“A number of problems would get solved if industries take the initiative to maintain their own systems,” says Shobhit Srivastava, programme officer, Industrial Pollution, at Delhi-based non-profit Centre for Science and Environment.
Calibration plays an important role in achieving data accuracy. A third party laboratory empanelment seems to be the solution to this. Understanding the need, cpcb has decided to bring about a laboratory empanelment system to certify labs for conducting calibration procedu-res for cems installed in industries.
JS Kamyotra, former CPCB director, believes handholding of instrument suppliers, their service partners, the state pollution control boards and the pollution control committees is urgently required to bring down functional difficulties.
THE PROBLEMS that plague the system may have been averted had CEMS been introduced after the groundwork was laid. But CPCB issued the guidelines for CEMS operations in 2017, three years after directing industries to install it. For the industries, cems installation was nothing more than a CPCB directive to be followed.
According to the guidelines, CEMS components, especially analysers, must have certification from TUV from Germany or from MCERTS (Environment Agency of England and Wales Monitoring Certification Scheme).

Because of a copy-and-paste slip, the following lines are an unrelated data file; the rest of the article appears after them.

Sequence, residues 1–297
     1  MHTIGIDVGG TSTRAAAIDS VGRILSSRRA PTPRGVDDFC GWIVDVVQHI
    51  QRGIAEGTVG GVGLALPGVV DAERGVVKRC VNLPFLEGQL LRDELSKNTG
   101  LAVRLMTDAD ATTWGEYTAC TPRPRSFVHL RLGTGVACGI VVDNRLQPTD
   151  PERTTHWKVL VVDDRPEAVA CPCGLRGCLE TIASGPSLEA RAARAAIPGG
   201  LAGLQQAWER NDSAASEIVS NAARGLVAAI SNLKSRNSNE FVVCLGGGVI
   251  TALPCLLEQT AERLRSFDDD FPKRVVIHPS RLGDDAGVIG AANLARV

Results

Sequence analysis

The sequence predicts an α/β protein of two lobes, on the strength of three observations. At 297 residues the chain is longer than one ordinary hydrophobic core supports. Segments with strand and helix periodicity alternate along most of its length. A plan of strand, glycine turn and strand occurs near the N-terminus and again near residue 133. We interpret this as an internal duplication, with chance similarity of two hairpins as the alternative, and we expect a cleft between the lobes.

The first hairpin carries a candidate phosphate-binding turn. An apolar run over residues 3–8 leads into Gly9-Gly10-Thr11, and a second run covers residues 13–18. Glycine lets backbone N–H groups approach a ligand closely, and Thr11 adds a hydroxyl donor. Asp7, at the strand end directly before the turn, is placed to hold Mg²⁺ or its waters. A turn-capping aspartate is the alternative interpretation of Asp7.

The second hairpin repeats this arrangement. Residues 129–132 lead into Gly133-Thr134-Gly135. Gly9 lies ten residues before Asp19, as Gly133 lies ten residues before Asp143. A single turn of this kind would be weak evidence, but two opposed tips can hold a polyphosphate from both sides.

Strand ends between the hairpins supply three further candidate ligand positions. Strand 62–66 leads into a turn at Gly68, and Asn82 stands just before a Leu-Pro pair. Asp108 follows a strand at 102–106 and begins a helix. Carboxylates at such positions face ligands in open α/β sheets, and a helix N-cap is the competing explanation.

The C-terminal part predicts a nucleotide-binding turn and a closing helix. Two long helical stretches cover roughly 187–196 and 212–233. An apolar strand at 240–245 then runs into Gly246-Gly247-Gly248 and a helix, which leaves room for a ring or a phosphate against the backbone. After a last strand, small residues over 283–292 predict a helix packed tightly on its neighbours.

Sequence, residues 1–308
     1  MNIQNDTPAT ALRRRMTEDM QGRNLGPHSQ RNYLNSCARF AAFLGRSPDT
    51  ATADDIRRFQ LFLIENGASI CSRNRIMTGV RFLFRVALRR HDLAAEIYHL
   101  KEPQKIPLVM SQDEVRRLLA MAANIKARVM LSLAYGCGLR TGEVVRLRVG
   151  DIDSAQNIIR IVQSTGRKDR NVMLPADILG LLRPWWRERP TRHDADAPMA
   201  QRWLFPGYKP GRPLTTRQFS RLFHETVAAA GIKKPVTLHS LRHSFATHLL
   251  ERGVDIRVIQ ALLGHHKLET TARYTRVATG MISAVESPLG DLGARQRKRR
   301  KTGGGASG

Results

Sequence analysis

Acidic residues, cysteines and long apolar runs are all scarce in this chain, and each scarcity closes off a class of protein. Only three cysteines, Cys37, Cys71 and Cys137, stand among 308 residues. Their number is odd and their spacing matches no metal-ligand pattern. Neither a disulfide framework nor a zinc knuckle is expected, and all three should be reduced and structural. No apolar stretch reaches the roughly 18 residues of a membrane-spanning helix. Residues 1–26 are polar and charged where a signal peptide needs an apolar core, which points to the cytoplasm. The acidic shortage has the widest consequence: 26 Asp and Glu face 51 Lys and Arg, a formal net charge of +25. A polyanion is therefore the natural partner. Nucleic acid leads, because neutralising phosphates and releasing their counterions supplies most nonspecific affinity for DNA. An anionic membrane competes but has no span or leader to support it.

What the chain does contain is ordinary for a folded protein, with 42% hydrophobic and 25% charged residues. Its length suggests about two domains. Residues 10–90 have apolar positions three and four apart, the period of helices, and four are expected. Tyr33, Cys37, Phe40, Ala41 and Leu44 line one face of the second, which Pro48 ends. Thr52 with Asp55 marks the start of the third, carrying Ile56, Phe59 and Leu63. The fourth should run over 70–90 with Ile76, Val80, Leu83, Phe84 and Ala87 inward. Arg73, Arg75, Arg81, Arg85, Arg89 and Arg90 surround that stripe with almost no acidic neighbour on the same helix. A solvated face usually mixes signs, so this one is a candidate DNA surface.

In India, industries use equipment that have foreign certification. Any equipment that is not certified must undergo performance tests during installation similar to the US Environment Protection Agency-based system.
Understanding the need for an Indian system of certification, the Ministry of Environment, Forest and Climate Change, on August 22, 2019, designated the Council of Scientific and Industrial Research-National Physical Laboratory (CSIR-NPL) as the verification and certifying agency. The specifics have not been formulated yet.
The notification is timely considering the life of many of the CEMS equipment are getting exhausted. Indian certification will not just enhance data credibility from indigenous equipment, but also to reduce equipment costs. This, in fact, is an opportunity for stakeholders to improve the CEMS implementation scenario.
CEMS is still new in India, but efforts are on to bring emissions monitoring at par with global standards. “Over the years, data generation has improved, more so, in the industries in the Ganga basin,” says B Vinod Babu, nodal officer, waste management, CPCB.
The US and European industries have been using the technology for the past 40 years and have established a powerful monitoring system. India has been unable to fully use it as a monitoring technology due to delays in effective implementation of the cems regime. The need of the hour is for cpcb to have a time-bound action plan with a clear vision on how it wants cems to be adopted as a compliance monitoring tool.
(This article will be published in Down To Earth's print edition dated September 16-30, 2019)